Today, you would have been celebrating your birthday. It’s hard to believe so much time has passed that you’d be in your mid 50’s. I usually recognize your birthday, and then try not to think about it much. Avoidance has been my way of coping with your and Jamie’s “dates”…birthdays and last days. I have your tender heart, and these days are usually too much for me to dwell on.
Your suicide wrecked me, and I used to carry that burden every single day. I was supposed to be able to trust you. When I learned that you’d left me, the world became a very scary place. I didn’t trust anyone, not even God. You gave me life, but in a way, you also took it away. You thought you weren’t lovable, worthy, or needed…I wish you knew how important you were. A mother’s love and presence are one-and-only.
My story has been transformed over the last five years, though. Sitting in a church service a few weeks ago, I heard the preacher talking to the congregation about how so many of us were carrying emotional and spiritual baggage. It hit me in the best way that I can’t relate to that anymore. I was now a spectator, where I was once a serious participant. I don’t carry the weight of your life and your death anymore. I am free. Hallelujah! I have been held and healed by God, my Savior, my Rock, my Redeemer. His love is a healing balm to my heart’s greatest wound. I laid my anger and hurt and abandonment down at the foot of the Almighty. He saved me from my own sin, and He freed my heart from the consequences of yours.
I’m still sad, though, for you. No person should ever have to feel that her life isn’t worth living, but you did. You endured worse pain in your short life that I could even fathom. I grieve for you that you never had the chance to be healed by the One who speaks love and worth into your heart. I don’t know what your relationship to Jesus was, but I hope He is holding you now.
I wish you could see me now, Mom. You’ve missed so much. My grand slam in third grade, my middle school dances and the time I went to state for shot put, how I excelled in all things art and crafts (you passed that down!), my graduation from high school, my first date and first kiss (yes, they came after high school), my graduation from college where I finished #6 in my class. I did all that without you, but it wasn’t easy. I thank God for the man you married. My dad’s heart is tender, his back is strong, and despite his own heartache, he was with me every step of the way. And the woman he asked to raise me after you’d gone…boy, is she a force to be reckoned with. She’s carried the weight of your choices with grace and mercy. You see, Mom, what Satan worked in your life, Jesus redeemed at the cross. The LORD was working out my salvation long before the world began. I wish you could see what He’s done in my life through Jesus, my family, and my friends.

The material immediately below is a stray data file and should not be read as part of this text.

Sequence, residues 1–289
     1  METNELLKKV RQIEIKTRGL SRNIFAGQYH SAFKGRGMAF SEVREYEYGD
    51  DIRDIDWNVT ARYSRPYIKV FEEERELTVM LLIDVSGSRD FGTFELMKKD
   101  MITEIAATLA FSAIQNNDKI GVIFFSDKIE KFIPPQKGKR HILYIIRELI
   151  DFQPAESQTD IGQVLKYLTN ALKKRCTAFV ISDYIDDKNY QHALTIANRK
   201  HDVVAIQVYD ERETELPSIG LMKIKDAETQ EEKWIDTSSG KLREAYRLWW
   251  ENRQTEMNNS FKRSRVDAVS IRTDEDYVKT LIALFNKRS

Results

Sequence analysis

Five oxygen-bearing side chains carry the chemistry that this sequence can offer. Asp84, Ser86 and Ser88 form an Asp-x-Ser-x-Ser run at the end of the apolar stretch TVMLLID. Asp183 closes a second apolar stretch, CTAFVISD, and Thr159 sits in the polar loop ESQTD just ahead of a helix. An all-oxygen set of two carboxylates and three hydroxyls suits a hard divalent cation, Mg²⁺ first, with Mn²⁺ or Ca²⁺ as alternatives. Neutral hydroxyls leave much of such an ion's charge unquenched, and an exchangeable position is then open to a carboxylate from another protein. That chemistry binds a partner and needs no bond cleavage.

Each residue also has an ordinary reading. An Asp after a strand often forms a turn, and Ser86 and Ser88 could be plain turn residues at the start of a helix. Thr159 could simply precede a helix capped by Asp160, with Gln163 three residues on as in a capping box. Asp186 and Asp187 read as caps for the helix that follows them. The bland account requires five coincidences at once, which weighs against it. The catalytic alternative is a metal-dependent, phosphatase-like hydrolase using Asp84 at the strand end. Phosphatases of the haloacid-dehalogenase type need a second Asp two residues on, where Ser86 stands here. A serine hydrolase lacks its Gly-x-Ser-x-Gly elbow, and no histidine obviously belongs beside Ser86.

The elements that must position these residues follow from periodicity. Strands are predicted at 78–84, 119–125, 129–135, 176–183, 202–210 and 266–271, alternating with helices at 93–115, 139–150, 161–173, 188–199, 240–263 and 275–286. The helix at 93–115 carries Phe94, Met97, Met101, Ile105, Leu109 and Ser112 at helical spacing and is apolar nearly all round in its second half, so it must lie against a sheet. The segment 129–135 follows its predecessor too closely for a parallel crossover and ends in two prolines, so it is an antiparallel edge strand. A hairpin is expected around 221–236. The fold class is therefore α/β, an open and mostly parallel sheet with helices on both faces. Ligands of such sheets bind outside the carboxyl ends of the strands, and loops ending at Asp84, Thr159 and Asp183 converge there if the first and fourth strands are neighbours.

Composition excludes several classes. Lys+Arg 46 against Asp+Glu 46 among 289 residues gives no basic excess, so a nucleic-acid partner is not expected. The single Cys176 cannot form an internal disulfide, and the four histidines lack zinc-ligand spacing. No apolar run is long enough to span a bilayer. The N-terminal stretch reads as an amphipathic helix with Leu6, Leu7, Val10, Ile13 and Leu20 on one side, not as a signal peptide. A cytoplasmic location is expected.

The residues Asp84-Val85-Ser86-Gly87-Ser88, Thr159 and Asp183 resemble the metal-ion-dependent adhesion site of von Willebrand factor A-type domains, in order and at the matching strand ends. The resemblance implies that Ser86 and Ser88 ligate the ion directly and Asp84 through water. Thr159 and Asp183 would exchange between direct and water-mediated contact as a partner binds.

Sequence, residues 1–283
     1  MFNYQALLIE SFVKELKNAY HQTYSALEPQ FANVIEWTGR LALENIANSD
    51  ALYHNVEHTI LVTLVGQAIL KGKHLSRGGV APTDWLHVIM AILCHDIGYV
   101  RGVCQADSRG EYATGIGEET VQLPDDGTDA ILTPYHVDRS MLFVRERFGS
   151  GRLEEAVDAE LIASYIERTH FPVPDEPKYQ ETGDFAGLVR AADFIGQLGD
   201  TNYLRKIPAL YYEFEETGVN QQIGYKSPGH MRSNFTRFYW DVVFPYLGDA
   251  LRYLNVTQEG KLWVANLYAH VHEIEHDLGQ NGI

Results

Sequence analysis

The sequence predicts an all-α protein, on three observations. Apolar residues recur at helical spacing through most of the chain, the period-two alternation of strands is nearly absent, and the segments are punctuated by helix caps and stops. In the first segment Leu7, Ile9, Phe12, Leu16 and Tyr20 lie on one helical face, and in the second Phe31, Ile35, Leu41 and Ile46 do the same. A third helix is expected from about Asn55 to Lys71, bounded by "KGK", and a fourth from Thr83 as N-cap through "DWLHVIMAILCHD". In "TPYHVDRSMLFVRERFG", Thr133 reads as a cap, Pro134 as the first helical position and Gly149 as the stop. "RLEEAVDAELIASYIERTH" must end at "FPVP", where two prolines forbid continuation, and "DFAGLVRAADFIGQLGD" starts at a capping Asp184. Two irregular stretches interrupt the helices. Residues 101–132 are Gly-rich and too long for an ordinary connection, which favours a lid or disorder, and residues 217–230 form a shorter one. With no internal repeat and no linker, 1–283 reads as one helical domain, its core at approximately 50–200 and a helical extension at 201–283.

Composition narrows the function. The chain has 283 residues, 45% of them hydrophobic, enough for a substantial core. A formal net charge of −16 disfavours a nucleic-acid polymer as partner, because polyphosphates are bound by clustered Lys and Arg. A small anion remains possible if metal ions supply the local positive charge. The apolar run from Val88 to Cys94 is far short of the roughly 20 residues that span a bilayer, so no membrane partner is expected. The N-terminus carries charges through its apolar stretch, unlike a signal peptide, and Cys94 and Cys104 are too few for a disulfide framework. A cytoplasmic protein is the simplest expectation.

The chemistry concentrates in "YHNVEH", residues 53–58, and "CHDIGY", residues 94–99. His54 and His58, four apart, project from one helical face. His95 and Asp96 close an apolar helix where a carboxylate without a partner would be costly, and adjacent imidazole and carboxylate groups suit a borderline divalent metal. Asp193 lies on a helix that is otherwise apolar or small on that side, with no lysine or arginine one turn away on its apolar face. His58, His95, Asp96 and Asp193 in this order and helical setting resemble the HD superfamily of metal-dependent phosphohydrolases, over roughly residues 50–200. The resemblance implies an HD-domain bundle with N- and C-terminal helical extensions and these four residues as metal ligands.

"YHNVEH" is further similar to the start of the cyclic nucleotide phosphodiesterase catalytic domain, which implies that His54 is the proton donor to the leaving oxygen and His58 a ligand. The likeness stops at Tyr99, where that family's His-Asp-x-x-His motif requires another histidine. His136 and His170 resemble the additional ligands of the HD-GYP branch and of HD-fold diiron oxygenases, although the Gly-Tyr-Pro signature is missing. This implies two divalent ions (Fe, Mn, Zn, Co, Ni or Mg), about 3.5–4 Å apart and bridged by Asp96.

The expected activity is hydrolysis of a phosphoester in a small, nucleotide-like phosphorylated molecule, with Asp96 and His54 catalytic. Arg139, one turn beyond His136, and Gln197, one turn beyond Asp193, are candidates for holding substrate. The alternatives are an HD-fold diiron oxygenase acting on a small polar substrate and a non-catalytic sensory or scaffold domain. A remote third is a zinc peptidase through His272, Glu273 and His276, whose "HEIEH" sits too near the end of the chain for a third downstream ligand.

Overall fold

I know you’d be proud of your girl. I made it through. I married a man of God, and although we’ve struggled, we didn’t give up. I brought the most beautiful baby boy into the world. I was afraid I wouldn’t be a good mom because I was so broken, but if there’s one thing your life taught me, it’s that I am irreplaceable. My love for Josiah is important, worthy, and needed.
I wish we could bake you a cake today. I wish you could see Josiah, snuggle him close, and let him help you blow out the candles. He has your crazy big eyebrows and your sweet dimples. I’m sorry that you’re missing out on him. I am thinking of you today, and I hope you do see how well things worked out in my life. I hope that you have peace from the torment you endured here. I hope that my testimony about you and about Jesus can be a beacon of light to others who, like you, see only one way out of their pain. If you would have given Jesus a chance, He would have healed you, too. My birthday gift to you is my faithfulness to Christ and my commitment to tell others about His healing mercy.
Happy Birthday, Deborah Ann. You mattered. I love you still.